We were given refreshments in the dining room afterwards, when one of my Brownie Mum’s said how much they’d all (other Brownies and their parents) appreciated me taking Brownies this term. She said what a lease of life I brought to the unit, and all my efforts had been noticed! I am happy that the girls have had a bit more of the spirit of Guiding, rather than it just being another after-school club or babysitting service. And I feel blessed that at least one mother took the time to tell me so. I’m glad I made a difference, the blood, sweat and tears weren’t for nothing!

My Brownies who were there tonight didn’t want me to leave. They don’t want another set of new leaders. They don’t understand what going back to London for 5 months to complete my degree means. For 7 – 10 year olds, June is one heck of a long way away.

I will be missed.

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I expected the worst

December 21, 2009

The last 48 hours of my life have been pretty awesome.

I caught a train down to London on Saturday, to spend a long afternoon with a very good friend of mine. As the train went further south, I watched the fields being covered in a thicker blanket of snow. I didn’t see any snowmen, or evidence of sledging, though, which was odd. It was lovely to see Dave again. And to see Finchley, his Church and where he lives, so now I have images in my head so when we chat, I’ll know what he’s talking about (ish). We went to a cafe for lunch, watched an old episode of Have I Got News For You from about 8 years ago, with Boris Johnson presenting. Love it! Dave didn’t even have to pretend he liked his Christmas present, which was nice! We had a pub meal on the way back to the train which was yummy. It went really quickly though, which was upsetting.
I miss being able to just hang out.
I also don’t like not knowing when I’ll see him again.

When I got back to Nottingham, it was snowing, huge snowflakes. This made me very happy! Maybe I can do this whole Christmas thing? Mum and Dad picked me up from the station and we drove home in the snow. As we got back to Radcliffe, though, it had stopped and we’d just had a light splattering of snow. Not enough to do anything with. Humph.

I was pleasantly surprised at how well I was feeling. Yes, I was physically tired and achy and in pain, but I wasn’t in the heap I’d expected following a day trip to London. This is good.

Sunday, I’d expected to have been a complete wreck, too. Having taken a while to get to sleep.
However, I got up about 12.30, maybe a bit later, cooked myself breakfast and got on with things. Mum and Dad were out moving the narrow boat [fools] so I was home alone. I had expected to be in a heap, crying all day, but I wasn’t.

I found two albums that helped me work last year. I put them on random play today, and surprisingly, I was productive!

I completed my application for the Liturgy and Music Assistant job at Southwell Minster. I received a message from Noel Tredinnick saying he’s happy to be one of my referee’s. So now I have DP, Rev’d Dr Jules and Prof Dr Noel!

While I was doing this, it started to snow heavily again in our village. So I paused Scrabble and the job application to take some pictures. Fun times.

Mum and Dad came home and we decided we’d go to St Mary’s in the village for their Carol’s by Candlelight service. It wasn’t bad, but I find it really hard to worship when things don’t run so smoothly. The choir has improved over the years, but there’s still a bunch of old women who warble and it’s just not nice choral singing. The solos were all over the shop and it wasn’t tight. Maybe I have been spoiled with my musical upbringing? And I’m used to things running like clockwork? Despite these, and other flaws I decided not to mention, I did manage to engage with God, which was ace.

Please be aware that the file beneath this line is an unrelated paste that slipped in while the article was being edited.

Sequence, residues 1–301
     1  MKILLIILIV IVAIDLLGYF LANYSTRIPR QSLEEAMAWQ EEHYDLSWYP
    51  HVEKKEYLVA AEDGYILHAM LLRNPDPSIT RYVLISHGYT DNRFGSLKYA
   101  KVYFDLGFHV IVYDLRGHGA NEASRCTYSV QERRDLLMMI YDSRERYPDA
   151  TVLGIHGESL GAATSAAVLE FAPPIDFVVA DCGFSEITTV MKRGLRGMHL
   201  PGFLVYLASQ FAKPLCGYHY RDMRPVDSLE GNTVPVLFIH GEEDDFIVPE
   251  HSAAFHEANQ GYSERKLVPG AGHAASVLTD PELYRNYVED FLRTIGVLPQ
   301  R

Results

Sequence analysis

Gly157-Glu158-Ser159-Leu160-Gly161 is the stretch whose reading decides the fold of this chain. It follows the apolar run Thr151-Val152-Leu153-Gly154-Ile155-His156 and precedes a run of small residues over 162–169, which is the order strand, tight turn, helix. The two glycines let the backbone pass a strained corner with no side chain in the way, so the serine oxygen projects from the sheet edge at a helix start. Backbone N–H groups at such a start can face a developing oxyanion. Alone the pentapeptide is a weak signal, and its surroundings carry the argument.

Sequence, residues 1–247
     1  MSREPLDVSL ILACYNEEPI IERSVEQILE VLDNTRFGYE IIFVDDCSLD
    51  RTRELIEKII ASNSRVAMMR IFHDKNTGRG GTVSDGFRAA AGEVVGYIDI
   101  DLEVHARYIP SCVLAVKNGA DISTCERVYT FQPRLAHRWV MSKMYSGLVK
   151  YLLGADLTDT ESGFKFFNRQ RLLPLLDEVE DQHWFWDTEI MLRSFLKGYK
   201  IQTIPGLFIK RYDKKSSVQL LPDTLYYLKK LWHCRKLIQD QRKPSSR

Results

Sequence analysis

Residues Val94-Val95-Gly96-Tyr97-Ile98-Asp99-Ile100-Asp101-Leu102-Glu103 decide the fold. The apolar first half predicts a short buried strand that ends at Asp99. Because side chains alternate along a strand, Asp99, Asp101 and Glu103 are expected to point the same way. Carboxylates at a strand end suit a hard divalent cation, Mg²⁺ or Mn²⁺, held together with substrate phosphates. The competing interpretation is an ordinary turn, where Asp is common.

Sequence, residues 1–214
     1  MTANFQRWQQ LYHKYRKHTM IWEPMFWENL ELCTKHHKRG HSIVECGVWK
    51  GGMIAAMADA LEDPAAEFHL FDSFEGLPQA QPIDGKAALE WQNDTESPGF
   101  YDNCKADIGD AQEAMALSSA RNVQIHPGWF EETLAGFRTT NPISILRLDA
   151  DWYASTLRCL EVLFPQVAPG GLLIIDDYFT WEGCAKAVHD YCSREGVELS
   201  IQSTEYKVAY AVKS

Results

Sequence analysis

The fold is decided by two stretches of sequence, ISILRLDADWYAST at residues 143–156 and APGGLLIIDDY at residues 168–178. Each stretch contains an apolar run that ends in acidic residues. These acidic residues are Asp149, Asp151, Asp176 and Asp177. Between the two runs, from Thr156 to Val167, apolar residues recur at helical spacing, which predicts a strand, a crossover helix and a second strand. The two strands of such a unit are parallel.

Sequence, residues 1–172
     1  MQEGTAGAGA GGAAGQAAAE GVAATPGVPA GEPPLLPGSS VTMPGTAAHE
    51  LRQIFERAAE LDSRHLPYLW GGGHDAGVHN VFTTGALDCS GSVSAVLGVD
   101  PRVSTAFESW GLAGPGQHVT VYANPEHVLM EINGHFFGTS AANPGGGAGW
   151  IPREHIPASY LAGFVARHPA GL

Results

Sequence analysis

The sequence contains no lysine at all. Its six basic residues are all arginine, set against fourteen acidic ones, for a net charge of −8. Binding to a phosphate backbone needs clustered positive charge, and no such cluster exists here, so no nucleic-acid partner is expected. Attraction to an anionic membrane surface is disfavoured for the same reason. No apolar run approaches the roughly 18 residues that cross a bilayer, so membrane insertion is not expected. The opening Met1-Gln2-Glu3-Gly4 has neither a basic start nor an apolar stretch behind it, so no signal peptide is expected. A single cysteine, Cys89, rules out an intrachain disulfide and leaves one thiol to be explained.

I think I’m going to print out a copy of my Statement of Faith and stick it on my wall. Because writing that, and my testimony have been two really uplifting things for me this week.

I think I’ve found that place where I can stop trying so hard with God, and just be in his presence. I am feeling very positive and excited about LST work. And returning to LST. And trying to picture how I’m going to feel at the end of my Dissertation Recital, my Final Recital, and Graduation Day… It still seems far off, but yet there’s also a possibility it’s in reach. And I’m going to be as ‘beautifully stubborn’ as I can. To do my best to finish all my coursework before February, when I hope to return to LST.

I am happy. I just don’t know how long it’ll last. And I wish I could sleep without my mind going on overdrive!

The only thing is, it’s now past 4am and I’m not asleep, I’m just beginning to get sleepy tired. But I have a GP appointment at 10am. I need to talk with her about my options for completing my degree. Scary stuff.

This week I am to send off the job application, do some research for my programme notes and also some Jubilate work. As well as see friends and do Christmas. Hmm… we shall see..!

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Why I believe what I believe [still work in progress]

December 19, 2009

I believe in God, who by His nature is Trinitarian; Father, Son and Holy Spirit.

Having grown up in a Christian environment, I had accepted the doctrine of the Trinity. The Bible clearly presents God as three distinguished, but united persons, although this is often a controversial element of the Christian faith as there is no explicit reference to the term Trinity in Scripture, Jesus refers to the three-in-one nature of the Father, Son, and Holy Spirit in the Great Commission (Matthew 28:19-20). Moltmann states “the trinitarian persons form their own unity by themselves in the circulation of the divine life.”[1] Whilst reading The Shack, I came to a deeper awareness of the relational aspect of the Trinity. I concur with Moltmann, that the trinity is a model for our society; “a world in which human beings have all things in common and share everything with one another except their personal qualities.”[2]

I believe God existed when nothing else existed. I believe He spoke into the nothingness, creating the world and all that is in it; all that is known and unknown to humankind. I believe God created men and women in His image, to be in relationship with Him.

“In the beginning was the Word, and the Word was with God, and the Word was God. He was with God in the beginning” (John 1:1).
“God created the physical and spiritual universe… ‘out of nothing,’ ex nihilo.”[3] Nothing is exactly that; not that nothing is a substance or matter which God created from. The Genesis creation story accounts for the whole of creation (Genesis 1:1-31). There are many theories as to the beginning of the world, but science cannot account for everything; there is so much we don’t know. I believe the most important fact of creation is that God was in ultimate control.